Question: I have only liability on my older car (2000 Toyota), and I’m going on vacation with it soon. Can I change to full coverage for the length of my vacation and then change back to only liability?
Answer: Yes, most auto insurance companies will allow you to add comprehensive and collision coverage, what people refer to as “full coverage,” to your policy mid-term and then take them off later if you no longer find a need. (See "Insure your car from showroom to junkyard")
You, however, won’t be able to add comprehensive and collision for whatever the length of your vacation may be. Instead, you’ll have to purchase these coverages for the remainder of your auto policy’s term and then cancel them when you’re done with your vacation.
When adding these physical damages coverages to your policy, your car insurance company should pro-rate the cost from the date you add them through the end of your policy period. When you return, you would again contact your car insurance company to remove comprehensive and collision from your policy; the difference in premium from the day you canceled through the end of the policy should be refunded.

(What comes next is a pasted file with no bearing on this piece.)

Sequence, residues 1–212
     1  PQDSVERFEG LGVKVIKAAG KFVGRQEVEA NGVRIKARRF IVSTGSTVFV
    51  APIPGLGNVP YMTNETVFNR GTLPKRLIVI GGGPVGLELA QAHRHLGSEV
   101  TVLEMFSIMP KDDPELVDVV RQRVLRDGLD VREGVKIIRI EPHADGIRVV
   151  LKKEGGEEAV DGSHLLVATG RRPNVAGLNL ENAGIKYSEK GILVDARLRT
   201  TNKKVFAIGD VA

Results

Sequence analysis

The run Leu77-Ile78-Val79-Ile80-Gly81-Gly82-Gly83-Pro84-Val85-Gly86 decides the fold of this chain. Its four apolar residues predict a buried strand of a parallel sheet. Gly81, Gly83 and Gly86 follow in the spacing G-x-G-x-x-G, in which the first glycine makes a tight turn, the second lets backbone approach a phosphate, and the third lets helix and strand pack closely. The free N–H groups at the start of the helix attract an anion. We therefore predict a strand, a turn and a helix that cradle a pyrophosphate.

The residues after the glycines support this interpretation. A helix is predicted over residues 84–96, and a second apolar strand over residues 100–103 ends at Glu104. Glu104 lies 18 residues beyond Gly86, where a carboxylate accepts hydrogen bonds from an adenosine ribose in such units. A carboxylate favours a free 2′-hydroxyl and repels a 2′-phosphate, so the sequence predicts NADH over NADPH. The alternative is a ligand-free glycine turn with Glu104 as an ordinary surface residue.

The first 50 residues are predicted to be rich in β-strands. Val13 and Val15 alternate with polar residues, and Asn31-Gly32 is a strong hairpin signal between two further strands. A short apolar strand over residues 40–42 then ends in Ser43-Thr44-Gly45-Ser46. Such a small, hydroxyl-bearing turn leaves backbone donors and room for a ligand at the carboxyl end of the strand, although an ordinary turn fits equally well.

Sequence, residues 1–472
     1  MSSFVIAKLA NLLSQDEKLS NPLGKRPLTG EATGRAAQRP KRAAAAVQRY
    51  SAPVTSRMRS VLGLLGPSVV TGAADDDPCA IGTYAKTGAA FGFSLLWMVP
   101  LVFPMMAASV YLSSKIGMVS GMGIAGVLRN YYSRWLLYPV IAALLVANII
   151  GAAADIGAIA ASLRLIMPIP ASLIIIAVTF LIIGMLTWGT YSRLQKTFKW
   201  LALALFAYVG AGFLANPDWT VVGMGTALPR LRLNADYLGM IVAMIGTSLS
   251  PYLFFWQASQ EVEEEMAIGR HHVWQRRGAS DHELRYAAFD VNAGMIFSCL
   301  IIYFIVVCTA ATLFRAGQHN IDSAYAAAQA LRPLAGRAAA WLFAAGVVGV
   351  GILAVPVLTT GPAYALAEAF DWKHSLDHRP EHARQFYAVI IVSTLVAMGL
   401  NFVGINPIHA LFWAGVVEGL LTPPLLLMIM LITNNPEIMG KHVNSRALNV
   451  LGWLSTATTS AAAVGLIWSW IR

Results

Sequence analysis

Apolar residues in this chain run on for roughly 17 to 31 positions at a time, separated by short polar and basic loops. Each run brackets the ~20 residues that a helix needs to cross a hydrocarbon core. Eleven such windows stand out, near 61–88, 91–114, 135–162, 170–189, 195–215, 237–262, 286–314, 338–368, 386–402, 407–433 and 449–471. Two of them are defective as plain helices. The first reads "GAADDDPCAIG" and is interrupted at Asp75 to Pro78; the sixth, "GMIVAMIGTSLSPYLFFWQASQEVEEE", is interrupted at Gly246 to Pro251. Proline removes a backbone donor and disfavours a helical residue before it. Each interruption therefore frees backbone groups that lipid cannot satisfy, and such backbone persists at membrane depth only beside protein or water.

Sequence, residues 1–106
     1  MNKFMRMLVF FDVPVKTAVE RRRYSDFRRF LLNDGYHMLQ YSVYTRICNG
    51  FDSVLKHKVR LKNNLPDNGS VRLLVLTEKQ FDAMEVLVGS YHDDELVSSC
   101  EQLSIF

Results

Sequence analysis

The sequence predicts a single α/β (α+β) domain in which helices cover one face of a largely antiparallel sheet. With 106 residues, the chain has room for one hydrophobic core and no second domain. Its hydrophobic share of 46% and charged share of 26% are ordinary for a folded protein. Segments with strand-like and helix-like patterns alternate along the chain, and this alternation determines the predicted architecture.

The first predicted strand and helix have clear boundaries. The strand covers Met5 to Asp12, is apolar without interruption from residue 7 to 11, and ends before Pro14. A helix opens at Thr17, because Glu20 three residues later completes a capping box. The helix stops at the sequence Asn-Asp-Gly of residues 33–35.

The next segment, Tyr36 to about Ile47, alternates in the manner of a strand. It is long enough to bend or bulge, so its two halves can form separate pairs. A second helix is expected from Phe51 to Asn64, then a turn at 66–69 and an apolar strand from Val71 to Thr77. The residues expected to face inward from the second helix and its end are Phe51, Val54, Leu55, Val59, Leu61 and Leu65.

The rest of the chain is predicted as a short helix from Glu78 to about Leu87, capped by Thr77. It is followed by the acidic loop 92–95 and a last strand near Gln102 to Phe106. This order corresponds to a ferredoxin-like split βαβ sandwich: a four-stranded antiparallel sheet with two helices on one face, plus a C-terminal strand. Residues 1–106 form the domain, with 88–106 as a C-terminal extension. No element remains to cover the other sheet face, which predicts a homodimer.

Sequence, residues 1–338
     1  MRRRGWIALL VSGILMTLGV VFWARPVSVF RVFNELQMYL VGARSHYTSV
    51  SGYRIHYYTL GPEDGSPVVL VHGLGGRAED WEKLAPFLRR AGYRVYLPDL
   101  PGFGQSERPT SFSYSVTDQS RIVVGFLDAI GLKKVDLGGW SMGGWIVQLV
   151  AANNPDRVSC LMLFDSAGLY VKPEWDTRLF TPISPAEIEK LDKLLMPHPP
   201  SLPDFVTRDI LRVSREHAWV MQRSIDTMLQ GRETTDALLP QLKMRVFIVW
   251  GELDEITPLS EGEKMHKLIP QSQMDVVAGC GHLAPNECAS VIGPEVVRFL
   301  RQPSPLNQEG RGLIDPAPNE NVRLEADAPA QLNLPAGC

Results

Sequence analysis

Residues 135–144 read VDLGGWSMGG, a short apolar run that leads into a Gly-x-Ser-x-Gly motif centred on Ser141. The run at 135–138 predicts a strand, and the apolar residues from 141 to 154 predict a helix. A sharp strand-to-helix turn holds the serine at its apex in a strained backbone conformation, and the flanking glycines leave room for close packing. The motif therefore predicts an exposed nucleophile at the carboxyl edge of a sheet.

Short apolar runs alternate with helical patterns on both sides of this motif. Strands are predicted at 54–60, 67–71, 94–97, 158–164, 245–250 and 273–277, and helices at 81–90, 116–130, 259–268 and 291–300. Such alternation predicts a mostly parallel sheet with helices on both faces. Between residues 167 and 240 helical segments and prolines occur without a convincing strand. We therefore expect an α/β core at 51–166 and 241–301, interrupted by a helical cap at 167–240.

To add physical damage coverages to your vehicle, you may be required by your state and/or insurance company to have an inspection of your vehicle. The inspection is done to document the car’s physical condition, its options and accessories and any pre-existing damages. Give yourself enough time before vacation to get the inspection done if it's needed.
You might also want to think about raising your bodily injury liability and property damage liability limits. If you are worried about being in a crash while on vacation, then you’ll not only want your car protected, but enough auto insurance to cover others that you may harm and protect you from lawsuits.
If you have low liability limits, then it’s easy for them to be exceeded in even a minor auto accident. Higher liability limits will better protect your assets by there being less of a chance of you personally being sought after for damages to others that exceeded your auto insurance limits.
The insurance industry recommends liability limits of at least 100/300/50, which translates to $100,000 per person and $300,000 per accident for bodily injury liability coverage and $50,000 for property damage liability coverage.
When reviewing your policy before your vacation road trip, also make certain that your coverages will follow you if you are traveling out-of-state. Normally, most will, but with some auto insurance coverages, such as personal injury protection (PIP), the rules for making claims for an out-of-state accident can vary from an in-state accident.
And, when you get back, if you decide to keep your physical damage coverages, make sure you are getting the best rates possible. It may be that your current insurer gives you the cheapest rates for a liability-only policy, but you could save hundreds of dollars by comparison shopping with other car insurance companies that offer cheaper rates on policies that include full coverage.